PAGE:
Publication — IRIC
Agonist-induced desensitisation of β -adrenoceptors: Where, when, and how?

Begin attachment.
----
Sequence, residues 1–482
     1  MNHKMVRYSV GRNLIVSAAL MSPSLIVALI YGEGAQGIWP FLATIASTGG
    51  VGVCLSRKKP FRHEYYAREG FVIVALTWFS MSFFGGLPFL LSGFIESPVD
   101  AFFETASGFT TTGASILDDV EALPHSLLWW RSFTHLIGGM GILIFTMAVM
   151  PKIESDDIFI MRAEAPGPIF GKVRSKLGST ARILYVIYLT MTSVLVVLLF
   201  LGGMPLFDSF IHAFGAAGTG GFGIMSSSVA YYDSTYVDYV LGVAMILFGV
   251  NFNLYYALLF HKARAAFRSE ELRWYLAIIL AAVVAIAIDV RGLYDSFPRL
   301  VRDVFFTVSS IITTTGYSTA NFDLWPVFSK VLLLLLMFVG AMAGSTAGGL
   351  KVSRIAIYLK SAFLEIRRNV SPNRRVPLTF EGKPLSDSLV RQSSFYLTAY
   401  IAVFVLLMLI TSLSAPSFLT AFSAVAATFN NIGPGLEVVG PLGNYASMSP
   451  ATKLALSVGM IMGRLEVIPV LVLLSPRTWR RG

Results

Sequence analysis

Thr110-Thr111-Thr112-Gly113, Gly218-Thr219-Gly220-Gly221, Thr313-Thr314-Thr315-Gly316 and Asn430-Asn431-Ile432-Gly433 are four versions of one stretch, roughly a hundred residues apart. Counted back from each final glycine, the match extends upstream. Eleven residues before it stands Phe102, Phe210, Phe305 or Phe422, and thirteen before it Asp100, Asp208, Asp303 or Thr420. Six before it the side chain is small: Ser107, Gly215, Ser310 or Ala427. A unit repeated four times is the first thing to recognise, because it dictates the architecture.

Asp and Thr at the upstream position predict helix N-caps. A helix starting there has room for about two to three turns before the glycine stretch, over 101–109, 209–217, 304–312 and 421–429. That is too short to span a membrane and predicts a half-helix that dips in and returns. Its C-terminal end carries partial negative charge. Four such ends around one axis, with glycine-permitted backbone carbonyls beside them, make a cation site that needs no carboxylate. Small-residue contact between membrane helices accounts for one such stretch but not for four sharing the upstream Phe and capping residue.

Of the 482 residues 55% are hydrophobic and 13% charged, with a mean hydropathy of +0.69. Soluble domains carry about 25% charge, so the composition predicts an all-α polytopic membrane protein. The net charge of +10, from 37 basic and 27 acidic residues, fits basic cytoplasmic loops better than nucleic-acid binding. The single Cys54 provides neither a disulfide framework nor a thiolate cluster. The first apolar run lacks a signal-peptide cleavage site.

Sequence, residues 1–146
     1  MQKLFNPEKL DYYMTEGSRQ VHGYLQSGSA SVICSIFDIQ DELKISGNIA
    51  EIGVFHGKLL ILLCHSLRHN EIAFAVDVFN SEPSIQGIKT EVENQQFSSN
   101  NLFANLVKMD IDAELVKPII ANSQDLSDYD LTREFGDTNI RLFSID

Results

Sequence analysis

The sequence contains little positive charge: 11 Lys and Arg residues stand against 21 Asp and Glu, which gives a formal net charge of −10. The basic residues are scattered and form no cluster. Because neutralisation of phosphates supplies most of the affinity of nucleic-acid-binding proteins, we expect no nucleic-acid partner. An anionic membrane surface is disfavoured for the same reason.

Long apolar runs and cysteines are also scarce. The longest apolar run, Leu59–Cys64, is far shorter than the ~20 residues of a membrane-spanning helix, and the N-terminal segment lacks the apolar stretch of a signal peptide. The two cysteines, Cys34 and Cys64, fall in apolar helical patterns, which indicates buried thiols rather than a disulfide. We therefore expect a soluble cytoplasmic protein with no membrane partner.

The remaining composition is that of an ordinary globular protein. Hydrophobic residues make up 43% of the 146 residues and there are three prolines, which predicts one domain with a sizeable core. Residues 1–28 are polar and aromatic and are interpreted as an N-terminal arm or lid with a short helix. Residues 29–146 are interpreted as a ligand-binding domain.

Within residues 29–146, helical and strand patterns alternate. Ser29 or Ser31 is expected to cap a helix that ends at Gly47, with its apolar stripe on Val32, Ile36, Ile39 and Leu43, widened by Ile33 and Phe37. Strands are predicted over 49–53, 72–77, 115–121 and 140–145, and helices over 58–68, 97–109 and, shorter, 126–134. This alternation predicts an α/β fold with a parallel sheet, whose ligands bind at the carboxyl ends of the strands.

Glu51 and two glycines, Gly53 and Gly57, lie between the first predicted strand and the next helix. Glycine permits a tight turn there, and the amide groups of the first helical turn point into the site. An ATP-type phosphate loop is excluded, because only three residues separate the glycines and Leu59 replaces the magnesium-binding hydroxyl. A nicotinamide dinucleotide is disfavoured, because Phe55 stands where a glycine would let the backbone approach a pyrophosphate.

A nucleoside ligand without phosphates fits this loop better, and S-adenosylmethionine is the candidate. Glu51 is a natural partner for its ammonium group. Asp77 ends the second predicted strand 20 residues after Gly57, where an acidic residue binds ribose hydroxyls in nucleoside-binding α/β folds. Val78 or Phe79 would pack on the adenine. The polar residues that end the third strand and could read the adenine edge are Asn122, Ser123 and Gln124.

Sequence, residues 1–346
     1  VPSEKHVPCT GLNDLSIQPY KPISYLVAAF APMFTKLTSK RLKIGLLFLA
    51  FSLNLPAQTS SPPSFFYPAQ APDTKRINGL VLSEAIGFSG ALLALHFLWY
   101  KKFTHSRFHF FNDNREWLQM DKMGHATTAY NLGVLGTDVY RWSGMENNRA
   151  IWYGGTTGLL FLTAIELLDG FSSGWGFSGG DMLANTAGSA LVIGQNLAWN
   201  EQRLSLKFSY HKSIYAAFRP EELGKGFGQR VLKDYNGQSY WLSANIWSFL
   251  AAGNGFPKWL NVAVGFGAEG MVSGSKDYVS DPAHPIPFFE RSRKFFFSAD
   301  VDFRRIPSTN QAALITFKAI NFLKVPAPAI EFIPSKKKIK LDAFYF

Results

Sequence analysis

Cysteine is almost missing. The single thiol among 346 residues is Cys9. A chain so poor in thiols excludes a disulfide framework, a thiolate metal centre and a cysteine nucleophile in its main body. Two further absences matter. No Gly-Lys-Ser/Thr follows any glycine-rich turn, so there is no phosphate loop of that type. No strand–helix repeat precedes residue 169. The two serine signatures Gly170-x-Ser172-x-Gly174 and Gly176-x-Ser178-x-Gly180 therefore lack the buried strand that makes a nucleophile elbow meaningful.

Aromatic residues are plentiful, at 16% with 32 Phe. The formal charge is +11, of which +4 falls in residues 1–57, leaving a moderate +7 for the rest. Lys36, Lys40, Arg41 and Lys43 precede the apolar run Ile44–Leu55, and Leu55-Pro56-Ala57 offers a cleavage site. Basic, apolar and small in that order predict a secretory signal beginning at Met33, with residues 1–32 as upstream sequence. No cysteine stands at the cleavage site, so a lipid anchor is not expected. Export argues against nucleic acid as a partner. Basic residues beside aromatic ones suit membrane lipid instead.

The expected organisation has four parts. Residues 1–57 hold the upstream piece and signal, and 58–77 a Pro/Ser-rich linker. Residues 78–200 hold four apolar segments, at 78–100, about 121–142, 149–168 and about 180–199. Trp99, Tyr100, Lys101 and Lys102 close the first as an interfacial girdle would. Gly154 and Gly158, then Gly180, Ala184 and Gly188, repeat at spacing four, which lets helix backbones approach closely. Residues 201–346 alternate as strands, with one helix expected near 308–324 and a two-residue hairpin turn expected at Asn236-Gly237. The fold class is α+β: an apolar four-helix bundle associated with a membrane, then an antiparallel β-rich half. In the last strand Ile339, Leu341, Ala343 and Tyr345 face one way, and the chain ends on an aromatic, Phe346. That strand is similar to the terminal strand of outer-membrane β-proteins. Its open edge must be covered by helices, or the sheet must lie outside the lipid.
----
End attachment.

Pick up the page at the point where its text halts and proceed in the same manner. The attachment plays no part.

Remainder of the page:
β -Adrenoceptor agonists have proven useful in the treatment of overactive bladder syndrome, but it is not known whether their efficacy during chronic administration may be limited by receptor-induced desensitisation. Whereas the β -adrenoceptor has phosphorylation sites that are important for desensitisation, the β -adrenoceptor lacks these; therefore, it had been assumed that β -adrenoceptors are largely resistant to agonist-induced desensitisation. While all direct comparative studies demonstrate that β -adrenoceptors are less susceptible to desensitisation than β -adrenoceptors, desensitisation of β -adrenoceptors has been observed in many models and treatment settings. Chimeric β – and β -adrenoceptors have demonstrated that the C-terminal tail of the receptor plays an important role in the relative resistance to desensitisation but is not the only relevant factor. While the evidence from some models, such as transfected CHO cells, is inconsistent, it appears that desensitisation is observed more often after long-term (hours to days) than short-term (minutes to hours) agonist exposure. When it occurs, desensitisation of β -adrenoceptors can involve multiple levels including down-regulation of its mRNA and the receptor protein and alterations in post-receptor signalling events. The relative contributions of these mechanistic factors apparently depend on the cell type under investigation. Which if any of these factors is applicable to the human urinary bladder remains to be determined. LINKED ARTICLES: This article is part of a themed section on Adrenoceptors-New Roles for Old Players. To view the other articles in this section visit http://onlinelibrary.wiley.com/doi/10.1111/bph.v176.14/issuetoc.